3. Pension Maximization Strategy – Life insurance can also be used in retirement to offset the loss of a pension, annuity, or Social Security benefit that ends at the death of one spouse. With a single life pension payout or single life annuity, when the annuitant dies, payments stop. Life insurance can be purchased to provide the surviving spouse with the assets necessary to make up for this lost payment. This is often called a pension maximization strategy as the life insurance essentially protects the pension or annuity payout for the surviving spouse. Tom Hegna, CLU, ChFC, CASL, LACP, economist, writer, and speaker, says that “I would recommend executing this strategy as early as possible since the younger you are, the lower the premiums of the life insurance policy will be. So, you can get the most leverage in protecting your future pension.” Additionally, a similar strategy can be undertaken with Social Security. If both spouses are eligible for and collecting Social Security, at least one of the two benefits will go away at the death of the first spouse. And so, you could protect against this loss of income by purchasing life insurance.
    4. Long-Term Care Planning – Life insurance is a useful planning tool for funding long-term care expenses. First, many policies have an accelerated death benefit clause that can give you access to a reduced and early payment of the death benefit in certain situations. Often, when someone has qualified for long-term care services, the policy might be eligible to pay out at this time. Second, life insurance policies can be purchased with a long-term care benefit rider on the policy, or existing policies can be 1035 exchanged for a policy with a long-term care rider. These riders can also be designed to provide a long-term care benefit.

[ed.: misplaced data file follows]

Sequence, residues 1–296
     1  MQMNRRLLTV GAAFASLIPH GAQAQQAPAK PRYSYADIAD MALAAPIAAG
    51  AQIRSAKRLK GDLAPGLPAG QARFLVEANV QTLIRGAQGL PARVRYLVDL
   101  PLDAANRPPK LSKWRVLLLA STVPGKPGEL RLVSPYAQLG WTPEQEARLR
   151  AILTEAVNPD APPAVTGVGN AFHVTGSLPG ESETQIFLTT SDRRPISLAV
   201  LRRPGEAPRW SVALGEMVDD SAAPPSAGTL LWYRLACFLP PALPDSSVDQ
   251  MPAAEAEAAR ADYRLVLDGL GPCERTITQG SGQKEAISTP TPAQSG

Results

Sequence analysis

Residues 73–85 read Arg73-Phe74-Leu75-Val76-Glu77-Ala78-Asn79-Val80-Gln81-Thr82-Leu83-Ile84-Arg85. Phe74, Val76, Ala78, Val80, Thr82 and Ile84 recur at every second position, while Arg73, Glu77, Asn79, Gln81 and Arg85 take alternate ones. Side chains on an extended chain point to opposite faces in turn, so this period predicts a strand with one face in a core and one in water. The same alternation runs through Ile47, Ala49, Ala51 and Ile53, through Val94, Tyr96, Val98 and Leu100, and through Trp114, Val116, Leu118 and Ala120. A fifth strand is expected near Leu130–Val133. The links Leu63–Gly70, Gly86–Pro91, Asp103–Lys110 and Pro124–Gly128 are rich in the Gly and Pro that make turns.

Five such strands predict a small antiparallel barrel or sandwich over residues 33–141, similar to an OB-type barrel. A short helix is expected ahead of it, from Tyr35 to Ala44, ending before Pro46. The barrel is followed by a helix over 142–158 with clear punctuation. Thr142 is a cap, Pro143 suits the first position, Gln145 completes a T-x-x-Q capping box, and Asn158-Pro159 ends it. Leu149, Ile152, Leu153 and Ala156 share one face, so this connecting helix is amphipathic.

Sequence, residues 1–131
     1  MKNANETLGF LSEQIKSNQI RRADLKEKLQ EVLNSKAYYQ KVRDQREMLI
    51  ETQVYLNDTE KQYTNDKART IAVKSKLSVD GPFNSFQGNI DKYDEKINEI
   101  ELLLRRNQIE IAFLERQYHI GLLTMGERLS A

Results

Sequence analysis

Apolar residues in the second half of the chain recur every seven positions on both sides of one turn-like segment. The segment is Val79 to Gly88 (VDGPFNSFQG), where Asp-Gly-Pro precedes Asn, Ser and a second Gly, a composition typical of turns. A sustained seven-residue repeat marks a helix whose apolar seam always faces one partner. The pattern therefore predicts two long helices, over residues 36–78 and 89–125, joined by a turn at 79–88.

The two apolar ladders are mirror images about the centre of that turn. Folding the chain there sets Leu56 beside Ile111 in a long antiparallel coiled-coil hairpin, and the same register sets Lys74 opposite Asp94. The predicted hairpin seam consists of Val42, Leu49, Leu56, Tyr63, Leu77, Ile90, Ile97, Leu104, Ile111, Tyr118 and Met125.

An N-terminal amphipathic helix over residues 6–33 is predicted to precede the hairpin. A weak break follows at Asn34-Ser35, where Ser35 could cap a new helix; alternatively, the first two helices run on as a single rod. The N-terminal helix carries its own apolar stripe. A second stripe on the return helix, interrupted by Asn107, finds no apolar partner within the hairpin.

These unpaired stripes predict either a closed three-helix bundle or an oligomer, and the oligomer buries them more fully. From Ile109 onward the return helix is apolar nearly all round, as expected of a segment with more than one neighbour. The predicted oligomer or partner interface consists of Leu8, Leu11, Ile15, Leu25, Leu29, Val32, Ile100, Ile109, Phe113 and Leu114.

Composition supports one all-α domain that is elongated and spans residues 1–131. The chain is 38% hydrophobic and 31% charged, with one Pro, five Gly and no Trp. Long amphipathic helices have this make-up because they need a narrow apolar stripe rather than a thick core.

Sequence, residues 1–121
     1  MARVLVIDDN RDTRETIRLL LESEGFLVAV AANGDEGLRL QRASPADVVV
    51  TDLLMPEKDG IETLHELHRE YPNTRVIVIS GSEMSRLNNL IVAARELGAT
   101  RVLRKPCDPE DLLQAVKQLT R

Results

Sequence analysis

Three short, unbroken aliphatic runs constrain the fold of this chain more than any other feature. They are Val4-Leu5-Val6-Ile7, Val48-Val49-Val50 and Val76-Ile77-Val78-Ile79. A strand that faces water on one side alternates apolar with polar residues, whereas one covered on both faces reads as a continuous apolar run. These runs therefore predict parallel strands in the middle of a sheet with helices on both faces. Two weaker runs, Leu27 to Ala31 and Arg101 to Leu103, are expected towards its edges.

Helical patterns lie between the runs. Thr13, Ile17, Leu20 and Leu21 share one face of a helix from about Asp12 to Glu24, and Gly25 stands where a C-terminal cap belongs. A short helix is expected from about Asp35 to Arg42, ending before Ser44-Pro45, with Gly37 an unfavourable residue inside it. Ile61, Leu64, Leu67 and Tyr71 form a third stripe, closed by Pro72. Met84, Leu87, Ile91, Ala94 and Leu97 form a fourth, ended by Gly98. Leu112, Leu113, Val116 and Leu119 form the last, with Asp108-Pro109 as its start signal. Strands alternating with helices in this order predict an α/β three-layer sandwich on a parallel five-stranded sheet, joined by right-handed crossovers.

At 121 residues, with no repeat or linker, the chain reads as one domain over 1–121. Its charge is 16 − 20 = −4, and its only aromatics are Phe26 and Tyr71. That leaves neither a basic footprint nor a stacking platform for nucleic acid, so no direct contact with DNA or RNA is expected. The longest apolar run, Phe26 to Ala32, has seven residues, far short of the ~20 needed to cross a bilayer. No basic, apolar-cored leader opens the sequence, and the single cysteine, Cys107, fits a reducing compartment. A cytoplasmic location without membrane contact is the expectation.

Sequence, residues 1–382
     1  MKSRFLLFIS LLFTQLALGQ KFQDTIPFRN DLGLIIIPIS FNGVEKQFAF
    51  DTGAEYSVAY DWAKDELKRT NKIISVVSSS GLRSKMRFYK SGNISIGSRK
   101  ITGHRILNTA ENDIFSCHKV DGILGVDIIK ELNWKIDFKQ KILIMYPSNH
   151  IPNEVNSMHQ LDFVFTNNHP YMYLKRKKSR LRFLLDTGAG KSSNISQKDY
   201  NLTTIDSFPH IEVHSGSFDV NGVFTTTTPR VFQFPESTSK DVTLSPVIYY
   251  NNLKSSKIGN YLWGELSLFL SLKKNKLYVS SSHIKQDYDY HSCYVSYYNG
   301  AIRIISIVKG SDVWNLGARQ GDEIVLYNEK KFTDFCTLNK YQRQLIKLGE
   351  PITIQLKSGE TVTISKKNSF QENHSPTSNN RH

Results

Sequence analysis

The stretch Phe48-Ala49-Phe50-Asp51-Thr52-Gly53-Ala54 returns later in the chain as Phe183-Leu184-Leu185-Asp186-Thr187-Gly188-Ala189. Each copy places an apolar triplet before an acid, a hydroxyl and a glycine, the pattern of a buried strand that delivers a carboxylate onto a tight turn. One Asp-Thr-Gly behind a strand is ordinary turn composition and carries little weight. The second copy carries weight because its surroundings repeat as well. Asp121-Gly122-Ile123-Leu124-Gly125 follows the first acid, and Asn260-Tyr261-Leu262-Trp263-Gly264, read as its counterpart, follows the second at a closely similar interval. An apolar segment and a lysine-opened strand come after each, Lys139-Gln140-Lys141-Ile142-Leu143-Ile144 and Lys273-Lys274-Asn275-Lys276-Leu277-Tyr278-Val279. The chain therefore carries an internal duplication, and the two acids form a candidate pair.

While life insurance is often viewed as an insurance product designed for working years, it has many other uses. While this article looked at a few strategies there are many more. As Mr. Hegna pointed out, life insurance can be used as a bond substitute that provides returns like a bond but without the downside of interest rate risk and at the same time provides tax diversification. Ultimately, life insurance is a very secure and efficient way to protect income streams, create tax diversification with cash value, provide estate liquidity, transfer wealth, provide some long-term care financing benefits, and generate additional retirement planning flexibility. If you own life insurance, make sure you consider its potential value as a retirement planning asset.

     

     

    Jamie Hopinks is the  Co-Director of the American College’s New York Life Center for Retirement Income and an Associate Professor of Taxation at the American College where he helped develop the Retirement Income Certified Professional® (RICP®) designation.

    Originally Posted at Forbes on October 8, 2018 by Jamie Hopkins.

    Categories: Industry Articles